Beyond the requirements for the superior mechanical properties and corrosion resistance mentioned, any alloy candidate must exhibit two other important characteristics—good formability and machinability. Alloy 2050 is readily formable and bendable in the T34 temper, which is used for multiple applications in the space program. The T34 temper provides an aggressive bend radii as low as R/t =3 (R/t is a ratio of radius of curvature to thickness of the material undergoing a three-point bending process). Bending via bump forming or break forming is equivalent to legacy alloy 2219-T37. The alloy’s excellent ductility (elongation in excess of 20%) in T34 temper (solution heat treated and cold worked) permits production of barrel and cone sections through conventional forming processes, such as roll and bump forming, on plates up to 150 mm thick.
Alloy 2050 machines very readily in both T34 and final T84 tempers, using a full range of speeds on 3, 4, and 5 axis milling centers with either horizontal or vertical tables. A wide range of parts and parameters are used with aluminum input plate ranging from 100 to 12,000 lbs. High part complexity is possible with single side machining, pocketing, and asymmetry. The lubrication methodology for machining 2050 includes both flood cooling and micro-lubrication with a speed range of 15,000 to 40,000 rpm. Tool wear, chip formation, and distortion is similar to that observed on other high strength conventional aluminum alloys, such as 7050 and 2219. As with other high strength alloys, machining centers working with 2050 need to develop a metal removal strategy to ensure freedom from distortion.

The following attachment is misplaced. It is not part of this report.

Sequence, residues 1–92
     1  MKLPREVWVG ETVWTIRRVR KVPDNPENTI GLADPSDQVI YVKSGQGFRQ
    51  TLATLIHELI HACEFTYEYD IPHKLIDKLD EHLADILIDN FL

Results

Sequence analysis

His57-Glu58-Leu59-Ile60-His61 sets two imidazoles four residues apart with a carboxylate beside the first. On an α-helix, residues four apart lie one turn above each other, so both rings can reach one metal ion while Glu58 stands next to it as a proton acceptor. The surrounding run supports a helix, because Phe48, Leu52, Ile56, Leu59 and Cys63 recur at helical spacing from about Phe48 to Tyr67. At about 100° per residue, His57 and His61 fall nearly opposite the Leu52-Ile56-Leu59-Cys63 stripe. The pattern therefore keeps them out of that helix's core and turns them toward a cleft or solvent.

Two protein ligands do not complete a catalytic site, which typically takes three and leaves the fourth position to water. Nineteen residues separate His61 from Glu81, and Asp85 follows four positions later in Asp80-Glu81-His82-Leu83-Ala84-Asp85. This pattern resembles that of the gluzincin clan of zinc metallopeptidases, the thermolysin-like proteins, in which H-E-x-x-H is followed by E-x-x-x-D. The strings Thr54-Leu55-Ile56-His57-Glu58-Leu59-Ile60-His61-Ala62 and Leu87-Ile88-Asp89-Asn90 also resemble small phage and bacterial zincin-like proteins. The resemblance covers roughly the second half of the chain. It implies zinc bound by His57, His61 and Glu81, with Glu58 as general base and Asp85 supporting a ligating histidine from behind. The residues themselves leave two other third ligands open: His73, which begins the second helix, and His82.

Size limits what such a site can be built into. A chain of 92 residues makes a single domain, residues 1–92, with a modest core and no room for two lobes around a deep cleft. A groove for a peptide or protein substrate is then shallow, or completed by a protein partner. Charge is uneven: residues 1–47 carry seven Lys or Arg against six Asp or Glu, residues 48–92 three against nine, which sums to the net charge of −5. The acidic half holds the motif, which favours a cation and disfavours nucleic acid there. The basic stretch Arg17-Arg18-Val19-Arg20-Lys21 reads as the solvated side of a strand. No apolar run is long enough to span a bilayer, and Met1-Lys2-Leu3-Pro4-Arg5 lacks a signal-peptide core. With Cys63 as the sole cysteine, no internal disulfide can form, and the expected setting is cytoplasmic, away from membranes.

In addition, 2050 can be readily joined via the FSW process. Joining of dissimilar base materials such as 2050 and legacy 2219 indicated a nugget strength higher than base 2219 plate. When compared to 7050-T7451, alloy 2050-T84 also exhibits an improvement in standard fatigue and fatigue crack growth, as well as a significant improvement in spectrum fatigue performance. This may have high importance because of the current emphasis on multi-use launch vehicles.